Is the book worth reading? IN MY OPINION, if it's free and you’re looking for a quick read to see you through a few hours on a plane or a book that will not tax your emotional state much, you might give this book a go. It’s the equivalent of an Indiana Jones movie without the adorable Indiana Jones. There are tantalizing glimpses of the previous adventures of Sam Reilly such as the finding of Atlantis, proving the existence of “The Master Builders,” and saving the world from a deadly virus. You might be better off trying the first book in the series.

Sunday, July 23, 2017

Took or Baggins? Part 2

I am reading The Fellowship of the Ring, which is the first of the LOTR trilogy. (ISBN 0-345-33970-3) At the time I bought it, years ago, it cost $6.99 for the paperback copy. It's the Ballantine edition, containing a foreword by Tolkien himself. 

One thing that drew my attention is that toward the end of the foreword, Tolkien complains about other paperback editions being published without his consent. He states that only the Ballantine edition is the one he approved and encourages readers not to buy any other! And here I was thinking that stealing authors’ work was a recent thing born of the internet. Obviously not.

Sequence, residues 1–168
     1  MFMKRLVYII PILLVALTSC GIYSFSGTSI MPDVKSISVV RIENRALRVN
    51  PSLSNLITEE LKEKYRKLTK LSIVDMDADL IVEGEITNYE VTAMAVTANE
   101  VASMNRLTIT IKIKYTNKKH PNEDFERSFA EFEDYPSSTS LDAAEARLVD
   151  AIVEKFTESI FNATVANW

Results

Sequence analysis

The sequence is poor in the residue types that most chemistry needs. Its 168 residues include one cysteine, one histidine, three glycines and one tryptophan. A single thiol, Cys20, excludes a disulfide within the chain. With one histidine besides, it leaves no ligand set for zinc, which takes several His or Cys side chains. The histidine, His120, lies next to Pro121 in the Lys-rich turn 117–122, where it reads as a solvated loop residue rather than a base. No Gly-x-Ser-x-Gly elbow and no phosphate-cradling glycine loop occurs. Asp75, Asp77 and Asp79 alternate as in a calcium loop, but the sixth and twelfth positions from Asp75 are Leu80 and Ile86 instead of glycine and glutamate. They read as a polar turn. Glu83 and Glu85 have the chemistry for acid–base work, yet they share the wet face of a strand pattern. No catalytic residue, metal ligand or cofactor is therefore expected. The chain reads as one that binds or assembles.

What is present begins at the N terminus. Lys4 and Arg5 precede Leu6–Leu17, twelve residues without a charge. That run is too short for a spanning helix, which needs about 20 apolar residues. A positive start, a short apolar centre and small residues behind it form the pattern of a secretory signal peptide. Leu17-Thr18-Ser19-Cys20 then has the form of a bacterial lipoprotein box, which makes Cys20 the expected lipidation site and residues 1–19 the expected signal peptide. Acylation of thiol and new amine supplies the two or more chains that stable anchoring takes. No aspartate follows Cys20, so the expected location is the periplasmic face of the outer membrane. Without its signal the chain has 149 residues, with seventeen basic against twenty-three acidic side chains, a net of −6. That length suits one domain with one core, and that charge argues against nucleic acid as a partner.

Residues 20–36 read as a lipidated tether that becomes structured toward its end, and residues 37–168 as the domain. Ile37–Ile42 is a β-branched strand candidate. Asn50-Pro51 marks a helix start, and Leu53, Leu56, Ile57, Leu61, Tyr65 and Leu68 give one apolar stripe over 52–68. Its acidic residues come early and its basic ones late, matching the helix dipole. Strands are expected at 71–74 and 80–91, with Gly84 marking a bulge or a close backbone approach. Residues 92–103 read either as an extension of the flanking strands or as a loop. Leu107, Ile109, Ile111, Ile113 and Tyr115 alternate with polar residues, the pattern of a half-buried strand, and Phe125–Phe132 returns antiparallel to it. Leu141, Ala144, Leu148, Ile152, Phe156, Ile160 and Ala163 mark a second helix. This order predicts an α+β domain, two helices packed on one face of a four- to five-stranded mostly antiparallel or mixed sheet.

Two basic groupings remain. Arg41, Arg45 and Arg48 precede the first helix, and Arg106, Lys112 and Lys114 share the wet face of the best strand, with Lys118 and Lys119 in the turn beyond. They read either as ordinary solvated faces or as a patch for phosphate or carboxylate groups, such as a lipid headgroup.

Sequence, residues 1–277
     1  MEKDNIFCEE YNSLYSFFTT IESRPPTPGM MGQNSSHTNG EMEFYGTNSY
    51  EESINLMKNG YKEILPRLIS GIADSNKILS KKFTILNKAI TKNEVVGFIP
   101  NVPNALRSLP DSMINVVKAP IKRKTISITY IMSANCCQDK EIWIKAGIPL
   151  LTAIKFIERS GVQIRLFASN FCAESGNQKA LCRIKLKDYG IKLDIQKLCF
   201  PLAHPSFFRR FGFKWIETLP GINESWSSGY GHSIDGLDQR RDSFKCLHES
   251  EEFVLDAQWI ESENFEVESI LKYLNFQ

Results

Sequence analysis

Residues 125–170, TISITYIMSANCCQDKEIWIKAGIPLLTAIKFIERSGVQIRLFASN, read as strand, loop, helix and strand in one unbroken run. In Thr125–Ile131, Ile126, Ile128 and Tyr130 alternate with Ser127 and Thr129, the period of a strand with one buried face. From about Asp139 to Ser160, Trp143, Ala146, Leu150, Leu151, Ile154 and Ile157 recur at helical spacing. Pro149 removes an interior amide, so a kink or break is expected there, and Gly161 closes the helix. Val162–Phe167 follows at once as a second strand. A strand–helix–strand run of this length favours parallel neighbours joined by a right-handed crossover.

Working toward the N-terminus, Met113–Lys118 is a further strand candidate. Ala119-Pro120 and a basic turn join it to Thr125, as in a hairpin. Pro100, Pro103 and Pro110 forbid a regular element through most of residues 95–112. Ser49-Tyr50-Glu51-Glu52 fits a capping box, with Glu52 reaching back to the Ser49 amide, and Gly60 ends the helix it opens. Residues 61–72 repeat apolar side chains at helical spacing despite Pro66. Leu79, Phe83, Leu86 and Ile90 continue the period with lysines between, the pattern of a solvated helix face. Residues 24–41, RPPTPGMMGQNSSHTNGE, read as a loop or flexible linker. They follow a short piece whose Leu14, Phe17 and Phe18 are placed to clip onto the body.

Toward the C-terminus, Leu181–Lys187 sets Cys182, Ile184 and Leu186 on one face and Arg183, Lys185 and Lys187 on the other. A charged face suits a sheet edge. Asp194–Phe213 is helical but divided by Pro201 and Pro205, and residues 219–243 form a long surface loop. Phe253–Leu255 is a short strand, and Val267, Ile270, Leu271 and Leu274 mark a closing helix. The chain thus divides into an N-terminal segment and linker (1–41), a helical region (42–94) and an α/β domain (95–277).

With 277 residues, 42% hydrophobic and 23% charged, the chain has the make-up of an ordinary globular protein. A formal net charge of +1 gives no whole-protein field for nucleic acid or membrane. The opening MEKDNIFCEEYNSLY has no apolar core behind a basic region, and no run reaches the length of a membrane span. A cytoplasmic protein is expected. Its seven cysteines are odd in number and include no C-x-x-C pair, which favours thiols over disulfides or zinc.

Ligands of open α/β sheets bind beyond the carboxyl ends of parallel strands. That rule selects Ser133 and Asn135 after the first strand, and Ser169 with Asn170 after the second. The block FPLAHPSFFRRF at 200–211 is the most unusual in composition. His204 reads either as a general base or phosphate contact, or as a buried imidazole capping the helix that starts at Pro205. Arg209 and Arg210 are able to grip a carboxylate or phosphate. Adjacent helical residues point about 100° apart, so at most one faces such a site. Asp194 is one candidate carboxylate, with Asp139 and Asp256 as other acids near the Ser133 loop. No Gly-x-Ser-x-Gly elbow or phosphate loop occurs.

While most readers skip the Foreword (I seldom pay a second’s attention to it), this time I have made a special effort to trudge through it. I’m glad I did. First of all, this is Tolkien himself talking about his work. In my mind, silly as it sounds, he’s talking from beyond the grave, as he’s been dead many years. 

Tolkien denies that his books had anything to do with the war (WWII) and points to the fact that his work’s origins go back way before the war. His main motive in writing the works was to “…hold the attention of the readers, amuse them, delight them, and at times maybe excite them or deeply move them.” Those are the reasons any true writer writes. 

The writing of the series (LOTR) went on from 1936 through 1949! Today, authors put out a book every three months. Anyone who doesn’t produce in numbers is not considered a true writer. But Tolkien, one of the most beloved and successful authors in the English language, did not write every day! His duties, his interests, and the war got in the way. It took him thirteen years, but he never gave up.